Ed Kopetsky is a man on a mission.
Healthcare IT leaders understand technology’s core mission in a healthcare setting – to support patient care. Ed, CIO of Lucile Packard Children’s Hospital Stanford and Stanford Children’s Health, lives for this mission not only in his day-to-day role, but in the advocacy work he does for CHIME and healthcare.
When discussing CHIME’s extensive advocacy efforts, Ed remarked that “CIOs have the opportunity to be champions in their communities and beyond. They are positioned everywhere, and can help speak to and participate in leading change, especially for at-risk and underserved patients in their own communities.” Ed is a walking example of a community champion. Co-chair and inspiration behind the founding of the CHIME Opioid Task Force, he helped bring CHIME and CHIME Foundation members together and engaged them on a very impactful project – find a way for healthcare IT to help curb the opioid epidemic.
The Opioid Task Force leverages CHIME’s membership of IT leaders to help create, codify and execute innovative ideas to curb the current opioid epidemic in the United States. The statistics are chilling – opioids contributed to over 47,000 American deaths in 2017, according to the Centers for Disease Control and Prevention. Healthcare IT can play an important role in identifying and curbing opioid abuse, and Ed and the Opioid Task Force are driving the development of best practices to help in that endeavor.
About the Opioid Task Force, Ed said that an underrated aspect of CHIME was “the power of collaboration among the members and Foundation firms. It is amazing when you bring the minds together, how much we did in one year with 30 people from our Foundation firms, from the staff at CHIME and from our members, friends and colleagues.” Through CHIME, Ed and the Opioid Task Force helped provide avenues to healthcare leaders looking to take action against the spread of opioid addiction and the resulting deaths nationwide.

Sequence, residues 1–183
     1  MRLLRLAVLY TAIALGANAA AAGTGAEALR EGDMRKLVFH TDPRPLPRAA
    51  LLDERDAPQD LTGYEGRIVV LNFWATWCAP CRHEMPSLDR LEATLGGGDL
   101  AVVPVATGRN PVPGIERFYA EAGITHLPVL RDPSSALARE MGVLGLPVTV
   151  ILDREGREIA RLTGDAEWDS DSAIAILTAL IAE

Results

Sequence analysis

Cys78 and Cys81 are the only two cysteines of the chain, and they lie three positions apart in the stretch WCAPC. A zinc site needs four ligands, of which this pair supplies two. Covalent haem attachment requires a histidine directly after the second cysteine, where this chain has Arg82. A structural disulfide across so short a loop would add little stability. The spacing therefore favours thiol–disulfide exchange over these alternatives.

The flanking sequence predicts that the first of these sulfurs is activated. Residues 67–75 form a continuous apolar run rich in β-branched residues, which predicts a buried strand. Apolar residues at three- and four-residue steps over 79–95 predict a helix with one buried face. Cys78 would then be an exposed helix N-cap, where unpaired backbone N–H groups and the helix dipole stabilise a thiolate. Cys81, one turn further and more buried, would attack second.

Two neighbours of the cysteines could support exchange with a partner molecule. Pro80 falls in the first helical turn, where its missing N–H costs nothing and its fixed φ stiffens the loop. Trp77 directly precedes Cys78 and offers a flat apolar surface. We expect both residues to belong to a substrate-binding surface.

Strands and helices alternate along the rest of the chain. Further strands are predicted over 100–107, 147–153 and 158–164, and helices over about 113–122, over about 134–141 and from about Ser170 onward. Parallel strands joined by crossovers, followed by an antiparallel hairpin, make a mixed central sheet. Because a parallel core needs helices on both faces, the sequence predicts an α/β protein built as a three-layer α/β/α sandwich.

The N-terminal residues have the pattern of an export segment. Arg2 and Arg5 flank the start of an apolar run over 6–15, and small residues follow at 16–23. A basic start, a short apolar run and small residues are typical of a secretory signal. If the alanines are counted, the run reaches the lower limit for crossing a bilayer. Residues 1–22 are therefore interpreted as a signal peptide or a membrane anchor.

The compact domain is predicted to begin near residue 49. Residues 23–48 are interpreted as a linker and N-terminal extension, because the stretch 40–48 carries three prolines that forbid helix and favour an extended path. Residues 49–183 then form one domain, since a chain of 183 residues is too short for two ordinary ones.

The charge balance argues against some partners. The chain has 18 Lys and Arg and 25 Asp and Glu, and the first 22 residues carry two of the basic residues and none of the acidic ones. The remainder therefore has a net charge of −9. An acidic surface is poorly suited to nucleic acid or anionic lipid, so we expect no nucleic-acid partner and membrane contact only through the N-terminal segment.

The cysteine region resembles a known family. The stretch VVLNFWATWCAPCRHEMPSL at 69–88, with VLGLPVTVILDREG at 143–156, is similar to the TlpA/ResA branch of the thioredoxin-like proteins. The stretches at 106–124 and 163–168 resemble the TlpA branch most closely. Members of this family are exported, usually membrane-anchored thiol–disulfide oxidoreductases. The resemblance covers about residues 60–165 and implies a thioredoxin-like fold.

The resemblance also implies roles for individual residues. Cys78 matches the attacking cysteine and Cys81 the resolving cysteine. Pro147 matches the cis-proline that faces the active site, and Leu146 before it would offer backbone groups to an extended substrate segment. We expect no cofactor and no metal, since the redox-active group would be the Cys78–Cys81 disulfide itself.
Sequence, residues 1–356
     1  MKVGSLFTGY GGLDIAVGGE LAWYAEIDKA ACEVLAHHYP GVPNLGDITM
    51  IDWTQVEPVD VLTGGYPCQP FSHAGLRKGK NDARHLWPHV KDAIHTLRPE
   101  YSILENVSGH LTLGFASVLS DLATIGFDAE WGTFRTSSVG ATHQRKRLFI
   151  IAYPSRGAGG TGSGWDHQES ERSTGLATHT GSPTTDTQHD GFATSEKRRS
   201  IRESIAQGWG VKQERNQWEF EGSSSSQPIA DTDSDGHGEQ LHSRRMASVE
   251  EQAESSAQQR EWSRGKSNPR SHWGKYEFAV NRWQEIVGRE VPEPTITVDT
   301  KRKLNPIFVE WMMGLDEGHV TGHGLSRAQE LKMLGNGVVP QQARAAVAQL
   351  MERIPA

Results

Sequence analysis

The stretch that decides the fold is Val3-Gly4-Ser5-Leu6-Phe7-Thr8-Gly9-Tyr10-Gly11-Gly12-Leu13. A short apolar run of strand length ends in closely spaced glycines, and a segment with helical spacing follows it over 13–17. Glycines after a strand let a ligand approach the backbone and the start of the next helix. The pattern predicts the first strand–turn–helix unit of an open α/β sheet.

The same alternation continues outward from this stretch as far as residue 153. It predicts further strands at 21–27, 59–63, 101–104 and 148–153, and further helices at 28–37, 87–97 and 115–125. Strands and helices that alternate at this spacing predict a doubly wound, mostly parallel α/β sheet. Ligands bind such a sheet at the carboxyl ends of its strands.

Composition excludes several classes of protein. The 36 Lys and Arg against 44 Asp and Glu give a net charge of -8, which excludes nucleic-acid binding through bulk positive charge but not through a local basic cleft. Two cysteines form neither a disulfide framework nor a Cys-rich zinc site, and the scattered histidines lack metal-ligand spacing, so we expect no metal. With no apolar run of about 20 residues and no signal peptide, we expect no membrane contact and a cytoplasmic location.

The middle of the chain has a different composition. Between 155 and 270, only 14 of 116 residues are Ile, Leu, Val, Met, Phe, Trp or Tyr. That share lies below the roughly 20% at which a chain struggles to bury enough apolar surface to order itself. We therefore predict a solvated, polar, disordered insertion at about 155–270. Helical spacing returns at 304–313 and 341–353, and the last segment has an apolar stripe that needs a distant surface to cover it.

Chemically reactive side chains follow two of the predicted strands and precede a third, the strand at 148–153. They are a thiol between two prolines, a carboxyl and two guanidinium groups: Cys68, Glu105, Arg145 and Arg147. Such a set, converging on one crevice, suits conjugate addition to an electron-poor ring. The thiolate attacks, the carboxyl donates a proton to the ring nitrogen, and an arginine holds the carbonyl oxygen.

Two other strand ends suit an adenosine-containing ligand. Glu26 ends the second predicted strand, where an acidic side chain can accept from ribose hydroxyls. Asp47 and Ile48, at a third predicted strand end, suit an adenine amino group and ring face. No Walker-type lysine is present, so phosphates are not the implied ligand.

Ed’s interest in healthcare started in college – “I did a dual master’s in systems engineering and healthcare at the University of Wisconsin. I knew at that time that I was destined to work in healthcare, but had yet to discover which parts of it.” Reflecting now on over 38 years of healthcare IT experience, Ed remarked. “When you get clinicians, engineers and IT together, if you do it right, you can innovate very rapidly. And it’s been great – if anything I learned the value of partnership and teamwork, and that is so critical anywhere you go.”
As his career in healthcare IT blossomed, he helped found CHIME back in 1992, and served for many years on the CHIME Board as a provider member, including a year as board chair in 1998. At one point, he worked for a CHIME Foundation firm, and found his way back to the CHIME board for an additional three years as a Foundation partner representative. Ed and CHIME have been closely tied, and like many other CIOs, Ed has grown and evolved just as CHIME has.
To Ed, leadership itself is a mission. On key skills of the future CIO, Ed talked about leading change effectively and the need to “be an influencer, not a dictator. You have got to be in service excellence and servant culture. We are here to serve others and make sure they succeed. When you build that approach, people are going to want you in with them.”
This idea of servant leadership, something called out and urged by the greatest minds in leadership today, is something Ed personifies. You can see it in the way his peers at Stanford speak of him. In an article posted to the Stanford Children’s Health website, Natalie Pageler, MD, chief medical officer at Stanford Children’s, remarked that “one of Ed’s greatest strengths is his dedication to developing and mentoring others.”
When it comes to the mission of healthcare IT supporting patient care, there is no greater advocate than Ed. “I think of connecting around the patient and not just our business to help save lives.”
In 2018, Ed was awarded the John E. Gall Jr. CIO of the Year Award in recognition for his excellence in leadership, his work on the Opioid Task Force, and more. Just like Ed, CHIME members have many chances to be recognized and to advocate for causes they are passionate about. Submitting a nomination for an award in the CHIME Awards Series is one great way to stand out among your peers. As CIO leaders, many members are doing great things to transform health and care that deserve recognition. I hope you’ll consider nominating yourself or a deserving peer for one of CHIME’s many award categories. You can read more about them here.
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